Pencils on Desks, Ownership and Learner Control

In Professional Growth by rafranzdavis0 Comments

One of the best pieces of advice that I have ever been given as a classroom teacher was to leave the pen/pencil on my desk when helping students. I used to be “that” teacher…the one who would work the problem out for kids, while oddly thinking that somehow I was helping them. I was not helping them at all. As a matter of fact, I’ll even admit to engaging in such practice because it helped me to get to the next kid faster. When we do the work that our students should be doing, we are benefitting no one but ourselves. I would even go on to categorize this terrible practice as an “adult decision” in lieu of a “student decision”. Any time that we engage in practices that are self-serving, we have to take a hard look at the realities of who we should be serving instead.

Leaving the pencil out of the equation opened doors for me to push my students to dig deeper in the learning and find their own way. I was no longer in control and they needed that desperately. When students gain control and responsibility of interpreting information, they are well on their way to owning their learning, which should be the ultimate goal in every classroom.

The Trainer Hat

As a teacher trainer, I am often thinking about ways to improve and methods to use to help teachers take ownership of their own instructional design. How many times have we defined tasks for them? How many times have we provided the means to the end…the application? How many times have we walked them through each step because “that’s how they learn best”?

Standing at the front of a room to walk teachers through every single step is a matter of control. It’s not what is best for teachers. It’s what is more convenient for the trainer. I would not do this in my classroom. Why would I do this in a classroom where I should be modeling best practices?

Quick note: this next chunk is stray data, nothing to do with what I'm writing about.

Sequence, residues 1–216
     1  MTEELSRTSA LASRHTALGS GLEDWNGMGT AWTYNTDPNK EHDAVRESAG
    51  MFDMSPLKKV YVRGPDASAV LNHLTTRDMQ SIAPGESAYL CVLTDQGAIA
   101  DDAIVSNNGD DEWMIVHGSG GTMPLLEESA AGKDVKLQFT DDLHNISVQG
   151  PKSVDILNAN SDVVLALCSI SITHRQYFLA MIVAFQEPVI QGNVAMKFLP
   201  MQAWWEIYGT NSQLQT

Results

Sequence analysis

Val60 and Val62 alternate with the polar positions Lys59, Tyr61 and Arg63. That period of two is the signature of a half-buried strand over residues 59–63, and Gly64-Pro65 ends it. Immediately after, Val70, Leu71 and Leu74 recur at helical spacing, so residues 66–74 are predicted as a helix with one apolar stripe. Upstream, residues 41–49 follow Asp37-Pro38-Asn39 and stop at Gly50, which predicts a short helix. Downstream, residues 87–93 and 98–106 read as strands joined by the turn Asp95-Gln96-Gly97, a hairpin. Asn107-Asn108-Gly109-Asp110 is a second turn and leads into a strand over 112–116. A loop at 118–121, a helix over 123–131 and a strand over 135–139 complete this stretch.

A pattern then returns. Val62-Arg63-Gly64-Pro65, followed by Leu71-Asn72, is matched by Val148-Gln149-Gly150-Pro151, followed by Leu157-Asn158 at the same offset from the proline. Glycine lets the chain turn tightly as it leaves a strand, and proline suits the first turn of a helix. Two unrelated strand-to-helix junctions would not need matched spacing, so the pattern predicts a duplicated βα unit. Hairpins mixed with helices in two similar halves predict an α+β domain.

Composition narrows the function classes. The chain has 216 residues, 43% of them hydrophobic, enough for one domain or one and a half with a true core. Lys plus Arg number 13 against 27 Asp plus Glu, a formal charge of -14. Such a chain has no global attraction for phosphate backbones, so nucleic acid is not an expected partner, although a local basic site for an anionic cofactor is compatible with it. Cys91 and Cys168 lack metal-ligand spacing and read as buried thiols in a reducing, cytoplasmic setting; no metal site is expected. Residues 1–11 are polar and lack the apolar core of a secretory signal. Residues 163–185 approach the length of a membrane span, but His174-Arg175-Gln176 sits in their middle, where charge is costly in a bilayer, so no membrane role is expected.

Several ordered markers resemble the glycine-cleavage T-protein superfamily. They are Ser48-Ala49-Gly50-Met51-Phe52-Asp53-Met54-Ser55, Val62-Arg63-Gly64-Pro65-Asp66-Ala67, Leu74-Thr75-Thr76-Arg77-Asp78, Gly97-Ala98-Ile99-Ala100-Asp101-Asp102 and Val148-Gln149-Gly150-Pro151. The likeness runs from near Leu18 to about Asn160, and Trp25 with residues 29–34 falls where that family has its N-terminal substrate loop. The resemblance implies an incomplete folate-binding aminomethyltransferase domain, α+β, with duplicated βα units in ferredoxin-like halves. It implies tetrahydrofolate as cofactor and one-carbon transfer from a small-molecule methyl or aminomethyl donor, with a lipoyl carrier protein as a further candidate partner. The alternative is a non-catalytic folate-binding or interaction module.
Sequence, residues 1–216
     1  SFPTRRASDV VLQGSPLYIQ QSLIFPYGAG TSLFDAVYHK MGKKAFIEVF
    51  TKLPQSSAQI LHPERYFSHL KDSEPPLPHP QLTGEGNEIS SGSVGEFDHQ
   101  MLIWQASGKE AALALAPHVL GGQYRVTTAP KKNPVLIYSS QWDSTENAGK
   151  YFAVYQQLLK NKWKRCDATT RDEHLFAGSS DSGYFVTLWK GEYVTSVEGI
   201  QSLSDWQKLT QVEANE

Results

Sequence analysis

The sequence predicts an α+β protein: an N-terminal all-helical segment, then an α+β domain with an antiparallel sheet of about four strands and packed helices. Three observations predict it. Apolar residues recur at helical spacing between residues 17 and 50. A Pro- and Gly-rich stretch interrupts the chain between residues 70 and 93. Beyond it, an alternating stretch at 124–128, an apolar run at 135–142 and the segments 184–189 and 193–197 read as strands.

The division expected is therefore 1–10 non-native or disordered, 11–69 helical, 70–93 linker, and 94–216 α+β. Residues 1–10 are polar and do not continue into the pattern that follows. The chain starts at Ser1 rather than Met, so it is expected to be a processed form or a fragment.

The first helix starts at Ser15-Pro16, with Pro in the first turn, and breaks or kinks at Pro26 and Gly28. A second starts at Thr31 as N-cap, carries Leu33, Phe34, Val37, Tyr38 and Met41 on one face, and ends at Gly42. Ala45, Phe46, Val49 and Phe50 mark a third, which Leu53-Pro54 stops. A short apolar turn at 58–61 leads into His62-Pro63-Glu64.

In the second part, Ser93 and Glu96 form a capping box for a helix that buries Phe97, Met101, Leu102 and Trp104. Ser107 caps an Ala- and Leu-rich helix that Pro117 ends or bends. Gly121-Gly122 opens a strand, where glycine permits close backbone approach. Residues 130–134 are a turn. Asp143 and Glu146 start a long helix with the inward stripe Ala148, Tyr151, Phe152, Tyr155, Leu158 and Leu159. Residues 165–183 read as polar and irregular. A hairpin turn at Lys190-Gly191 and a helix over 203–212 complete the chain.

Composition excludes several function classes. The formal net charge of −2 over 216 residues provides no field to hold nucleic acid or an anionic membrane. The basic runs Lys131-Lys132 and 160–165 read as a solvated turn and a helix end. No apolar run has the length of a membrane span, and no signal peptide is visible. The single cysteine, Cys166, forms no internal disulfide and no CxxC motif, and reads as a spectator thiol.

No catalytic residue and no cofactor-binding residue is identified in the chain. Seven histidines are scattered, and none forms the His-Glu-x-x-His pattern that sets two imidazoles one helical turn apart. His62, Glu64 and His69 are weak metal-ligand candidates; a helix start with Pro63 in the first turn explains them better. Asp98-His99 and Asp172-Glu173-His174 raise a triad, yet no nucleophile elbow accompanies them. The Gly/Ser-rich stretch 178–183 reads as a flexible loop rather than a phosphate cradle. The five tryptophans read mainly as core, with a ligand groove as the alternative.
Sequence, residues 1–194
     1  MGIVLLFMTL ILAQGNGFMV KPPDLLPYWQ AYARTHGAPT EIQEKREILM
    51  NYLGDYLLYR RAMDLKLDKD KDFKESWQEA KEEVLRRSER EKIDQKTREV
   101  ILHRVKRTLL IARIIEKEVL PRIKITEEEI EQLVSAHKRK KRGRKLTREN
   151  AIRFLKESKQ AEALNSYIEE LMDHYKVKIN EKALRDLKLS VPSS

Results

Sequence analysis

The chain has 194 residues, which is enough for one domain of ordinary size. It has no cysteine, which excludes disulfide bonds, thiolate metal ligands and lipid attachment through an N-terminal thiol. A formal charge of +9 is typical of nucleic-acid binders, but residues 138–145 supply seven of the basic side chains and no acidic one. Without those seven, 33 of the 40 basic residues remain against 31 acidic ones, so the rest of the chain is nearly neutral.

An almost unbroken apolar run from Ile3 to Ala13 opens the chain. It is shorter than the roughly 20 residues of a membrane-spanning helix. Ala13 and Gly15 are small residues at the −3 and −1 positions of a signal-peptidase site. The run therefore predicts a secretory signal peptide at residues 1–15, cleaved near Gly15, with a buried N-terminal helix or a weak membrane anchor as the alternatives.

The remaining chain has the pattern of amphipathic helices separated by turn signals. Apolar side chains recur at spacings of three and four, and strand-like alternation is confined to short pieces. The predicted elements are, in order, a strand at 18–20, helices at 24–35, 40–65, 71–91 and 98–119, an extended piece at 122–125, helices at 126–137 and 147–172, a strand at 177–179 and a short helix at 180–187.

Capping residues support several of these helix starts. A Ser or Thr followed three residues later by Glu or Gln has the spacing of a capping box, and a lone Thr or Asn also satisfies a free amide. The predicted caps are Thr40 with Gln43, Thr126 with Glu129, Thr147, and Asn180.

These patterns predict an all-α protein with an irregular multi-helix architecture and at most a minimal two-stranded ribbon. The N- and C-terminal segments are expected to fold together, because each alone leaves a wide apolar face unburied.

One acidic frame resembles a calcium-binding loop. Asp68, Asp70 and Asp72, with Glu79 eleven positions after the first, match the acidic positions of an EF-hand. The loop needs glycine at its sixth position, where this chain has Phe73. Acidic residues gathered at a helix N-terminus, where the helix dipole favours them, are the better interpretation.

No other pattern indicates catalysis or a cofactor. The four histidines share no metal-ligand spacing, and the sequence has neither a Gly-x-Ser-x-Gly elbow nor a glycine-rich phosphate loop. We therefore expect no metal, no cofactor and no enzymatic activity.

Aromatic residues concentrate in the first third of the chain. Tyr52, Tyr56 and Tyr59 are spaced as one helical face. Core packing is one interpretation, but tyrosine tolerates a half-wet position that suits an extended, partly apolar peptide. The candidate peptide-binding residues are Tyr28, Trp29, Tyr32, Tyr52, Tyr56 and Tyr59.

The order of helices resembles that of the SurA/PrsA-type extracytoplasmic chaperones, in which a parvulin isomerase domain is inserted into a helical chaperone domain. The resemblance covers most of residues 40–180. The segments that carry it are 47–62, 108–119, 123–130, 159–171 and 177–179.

For me, the right way to conduct training is no different than the best way to work with students. We have to ask more questions, tell less information and place the questions of mastery on the teachers. In other words, plan to be less structured and more flexible.

That Moment When You Remember What Teaching is About

This particular reflection did not pop into my head from thin air. It was born, like many of my thoughts, from playing with my nephew. He worked all weekend creating his new puppet and I watched as he planned, changed his plans, sewed, un-sewed and finally settled on his finished product. Every mistake that he made led to a new discovery. I watched and said nothing…choosing to observe and learn instead.

I found myself wondering what would happen if someone interjected and told him what to do at each step. Would he work with the same level of intensity or care? How would it benefit him if I took the needle and thread from him to complete the sewing? What if I corrected his patterns for size? Would he remember to think about “child size puppets” and “adult size” puppets”?

I watched and smiled because in this moment I was taken aback to what learning is about.

The lesson is this…

I leave the pencil on my desk because I want my students to wonder, question and think of their own way. I want students to make their mistakes and work themselves from them. The moment that we relinquish control is the moment that students can begin being autonomous learners.

This also applies to adults.

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